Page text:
CHEAP BOOZE FUELS UK NEW YEAR'S. "New Year's Heave", "Binge Drinkers should Pay", "New Year's Eve Will Cost 23 million Pounds". The headlines out of the UK about New Year's Eve benders hit a fever pitch in the early days of the new year, with the Sun showing pic after pic of revelers laying in the snow, with some who seemed to have forgotten to check the weather before they dressed for the evening and ventured forth. The Sun reported that in the county of West Midlands, in the center of England, the Ambulance Service said they dealt with an emergency call every nine seconds in the first three hours of 2010. Contrast that with the coverage in the US, which in comparison was benign, and it appears that our license and control state systems are doing a better job of at least keeping scantily clad ladies from passing out in the snow.
Big Brewers Drag on 2009 Volume Results
In a rare glimpse at early results of year around off-premise scan data volumes, and 6 out of the top 10 brewers were down for the year. The results, from Bill Pecoriello at ConsumerEdge Research, show that the beer industry was down 1.6% for the 52 weeks. Other observations from Bill:
-Bud Light Golden Wheat peaked in October at 0.4 share. It has "already stalled out", writes Bill, and now volume share stands at 0.2. "It seems difficult to see this as a success given the spending behind the brand."
-Select 55 also "remains an insignificant brand with share of just 0.1%."
-Bud Light lost 0.90 share, Bud lost 0.70, partially offset by Natty Light up 0.60 share.
-MillerCoors underlying share has improved and have remained stable in the latest four and six weeks.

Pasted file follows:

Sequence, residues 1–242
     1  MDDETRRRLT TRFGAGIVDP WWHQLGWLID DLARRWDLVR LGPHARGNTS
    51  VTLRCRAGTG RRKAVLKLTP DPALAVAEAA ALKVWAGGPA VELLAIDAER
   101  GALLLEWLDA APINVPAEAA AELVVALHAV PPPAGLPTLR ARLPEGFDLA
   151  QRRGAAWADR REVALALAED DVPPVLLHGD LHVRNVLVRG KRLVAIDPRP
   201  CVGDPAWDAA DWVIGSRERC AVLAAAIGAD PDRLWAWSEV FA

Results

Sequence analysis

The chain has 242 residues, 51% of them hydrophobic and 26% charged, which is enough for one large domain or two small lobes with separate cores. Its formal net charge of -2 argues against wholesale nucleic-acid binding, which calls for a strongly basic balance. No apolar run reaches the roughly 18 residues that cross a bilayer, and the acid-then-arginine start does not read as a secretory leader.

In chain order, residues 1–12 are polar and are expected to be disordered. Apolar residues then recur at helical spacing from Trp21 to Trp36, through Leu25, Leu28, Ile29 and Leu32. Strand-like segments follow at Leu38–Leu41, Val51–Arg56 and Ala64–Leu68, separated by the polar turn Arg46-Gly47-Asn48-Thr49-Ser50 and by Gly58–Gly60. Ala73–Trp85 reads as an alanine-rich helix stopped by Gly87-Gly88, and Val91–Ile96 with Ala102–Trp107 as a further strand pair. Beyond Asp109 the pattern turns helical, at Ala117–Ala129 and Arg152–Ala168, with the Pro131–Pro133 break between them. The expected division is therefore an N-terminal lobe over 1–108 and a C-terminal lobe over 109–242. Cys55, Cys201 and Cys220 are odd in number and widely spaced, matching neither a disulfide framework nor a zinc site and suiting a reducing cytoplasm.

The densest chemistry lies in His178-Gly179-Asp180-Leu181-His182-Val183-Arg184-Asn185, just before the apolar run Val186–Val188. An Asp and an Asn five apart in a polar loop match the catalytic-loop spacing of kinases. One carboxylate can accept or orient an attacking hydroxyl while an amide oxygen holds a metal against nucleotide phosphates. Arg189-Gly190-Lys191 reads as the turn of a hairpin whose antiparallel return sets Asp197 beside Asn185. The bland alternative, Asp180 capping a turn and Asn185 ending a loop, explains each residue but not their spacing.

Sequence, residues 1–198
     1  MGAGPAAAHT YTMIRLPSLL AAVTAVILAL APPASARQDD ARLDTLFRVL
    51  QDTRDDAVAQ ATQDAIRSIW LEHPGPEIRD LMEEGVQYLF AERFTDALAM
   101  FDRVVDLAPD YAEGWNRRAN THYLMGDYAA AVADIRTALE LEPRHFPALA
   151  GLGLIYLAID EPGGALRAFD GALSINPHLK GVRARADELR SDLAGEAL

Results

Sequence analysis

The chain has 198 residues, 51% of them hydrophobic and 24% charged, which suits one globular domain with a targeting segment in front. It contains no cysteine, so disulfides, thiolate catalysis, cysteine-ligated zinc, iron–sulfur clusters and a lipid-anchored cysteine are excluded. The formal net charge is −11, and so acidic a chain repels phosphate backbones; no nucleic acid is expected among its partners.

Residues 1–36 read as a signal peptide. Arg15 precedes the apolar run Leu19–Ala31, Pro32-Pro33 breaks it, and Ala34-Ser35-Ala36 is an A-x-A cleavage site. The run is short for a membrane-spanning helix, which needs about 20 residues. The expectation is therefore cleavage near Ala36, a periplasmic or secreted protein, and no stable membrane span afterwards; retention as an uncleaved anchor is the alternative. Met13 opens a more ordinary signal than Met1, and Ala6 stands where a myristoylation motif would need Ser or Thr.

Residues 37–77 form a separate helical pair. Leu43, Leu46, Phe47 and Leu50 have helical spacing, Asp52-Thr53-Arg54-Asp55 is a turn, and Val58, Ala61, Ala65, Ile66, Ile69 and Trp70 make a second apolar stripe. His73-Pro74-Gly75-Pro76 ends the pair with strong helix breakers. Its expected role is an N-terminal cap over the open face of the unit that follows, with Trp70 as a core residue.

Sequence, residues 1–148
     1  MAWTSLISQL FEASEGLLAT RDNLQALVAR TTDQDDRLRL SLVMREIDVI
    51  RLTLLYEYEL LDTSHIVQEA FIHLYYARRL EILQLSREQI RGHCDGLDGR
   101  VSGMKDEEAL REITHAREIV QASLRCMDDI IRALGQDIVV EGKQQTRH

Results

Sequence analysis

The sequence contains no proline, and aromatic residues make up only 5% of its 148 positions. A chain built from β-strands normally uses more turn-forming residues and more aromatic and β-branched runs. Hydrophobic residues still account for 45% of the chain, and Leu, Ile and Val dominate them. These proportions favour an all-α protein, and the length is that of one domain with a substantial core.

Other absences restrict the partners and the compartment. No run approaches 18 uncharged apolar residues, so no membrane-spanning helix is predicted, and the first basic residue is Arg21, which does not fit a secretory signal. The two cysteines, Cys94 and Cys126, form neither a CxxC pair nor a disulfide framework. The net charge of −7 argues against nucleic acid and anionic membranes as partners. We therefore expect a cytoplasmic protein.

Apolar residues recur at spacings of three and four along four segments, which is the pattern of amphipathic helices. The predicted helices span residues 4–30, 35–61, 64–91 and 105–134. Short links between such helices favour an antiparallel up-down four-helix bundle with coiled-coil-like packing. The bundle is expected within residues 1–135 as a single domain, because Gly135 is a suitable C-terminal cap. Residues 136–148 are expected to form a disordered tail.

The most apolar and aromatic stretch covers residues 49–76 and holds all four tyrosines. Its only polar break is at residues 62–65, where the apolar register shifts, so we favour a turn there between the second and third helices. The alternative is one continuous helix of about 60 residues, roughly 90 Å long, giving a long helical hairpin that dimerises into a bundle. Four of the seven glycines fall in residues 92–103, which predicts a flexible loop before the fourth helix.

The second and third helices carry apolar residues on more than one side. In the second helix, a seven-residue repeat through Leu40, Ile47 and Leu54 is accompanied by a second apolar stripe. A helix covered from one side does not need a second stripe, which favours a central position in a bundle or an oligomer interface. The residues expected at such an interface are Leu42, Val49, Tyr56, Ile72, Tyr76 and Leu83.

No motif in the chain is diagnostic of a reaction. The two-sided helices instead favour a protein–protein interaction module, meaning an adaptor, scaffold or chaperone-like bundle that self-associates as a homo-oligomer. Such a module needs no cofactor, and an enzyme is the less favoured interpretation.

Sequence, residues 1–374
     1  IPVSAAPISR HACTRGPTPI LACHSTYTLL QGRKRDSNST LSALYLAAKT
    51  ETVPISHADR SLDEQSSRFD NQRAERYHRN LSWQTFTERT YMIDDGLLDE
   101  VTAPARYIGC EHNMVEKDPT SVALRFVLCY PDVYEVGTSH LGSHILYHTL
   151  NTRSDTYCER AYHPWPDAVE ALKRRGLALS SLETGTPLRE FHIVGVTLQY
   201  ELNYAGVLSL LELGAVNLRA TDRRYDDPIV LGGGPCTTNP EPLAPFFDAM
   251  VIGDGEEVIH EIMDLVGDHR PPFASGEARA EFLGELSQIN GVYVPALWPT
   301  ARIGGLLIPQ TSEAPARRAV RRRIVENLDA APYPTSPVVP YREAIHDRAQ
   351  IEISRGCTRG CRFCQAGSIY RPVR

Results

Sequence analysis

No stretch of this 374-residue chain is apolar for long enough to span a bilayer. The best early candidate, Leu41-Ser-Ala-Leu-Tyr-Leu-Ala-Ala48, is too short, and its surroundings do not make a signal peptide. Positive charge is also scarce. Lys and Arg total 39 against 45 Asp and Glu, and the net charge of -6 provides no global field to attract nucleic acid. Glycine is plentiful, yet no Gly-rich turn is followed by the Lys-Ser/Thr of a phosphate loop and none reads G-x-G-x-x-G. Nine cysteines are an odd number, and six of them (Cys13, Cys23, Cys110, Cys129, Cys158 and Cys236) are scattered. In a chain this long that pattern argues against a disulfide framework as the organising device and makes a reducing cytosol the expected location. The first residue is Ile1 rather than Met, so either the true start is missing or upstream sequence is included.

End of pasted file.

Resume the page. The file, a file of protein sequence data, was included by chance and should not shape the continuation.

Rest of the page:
-MillerCoors achieved 0.2 share point gain, mostly gaining from Key Light gaining 0.4 share points, 0.2 gain from MGD 64, and 0.2 gains from High Life.
-But Miller Lite remains an anchor, down 0.3 share points.
-Crown was the only major brewer with negative pricing. Crown lost 0.1 points in the latest four weeks, says Bill.
Lachky Making Ad Waves in Financial World
Legendary former A-B adman Bob Lachky has taken his beer ad expertise to the financial world. Scottrade, a stock brokerage firm based in St. Louis, which previously featured banal ads with its founder in a helicopter, hired Bob to fire up its ads. Ad Age reports that Bob oversaw new ads which are the "first foray into creative consulting for Mr. Lachky" after leaving A-B. Says Ad Age:
"Scottrade CMO Chris Moloney said market trends persuaded the company, traditionally a major online advertiser, to pursue a new, humorous TV-heavy campaign early last year, but the St. Louis-based company was struggling to get what it wanted out of its agencies. So it called Mr. Lachky, who managed a large stable of roster shops at A-B, 'to get our agencies to deliver a more-focused level of creative.'"
See one ad, click here: http://link.brightcove.com/services/player/bcpid1543292789?bctid=60612182001
Says Bob: "It was one of those times when the light bulb just goes on across the room....A few months ago I really didn't know that much about the space. These guys are always teasing me that [beer drinkers] are easier to talk to than [investors]."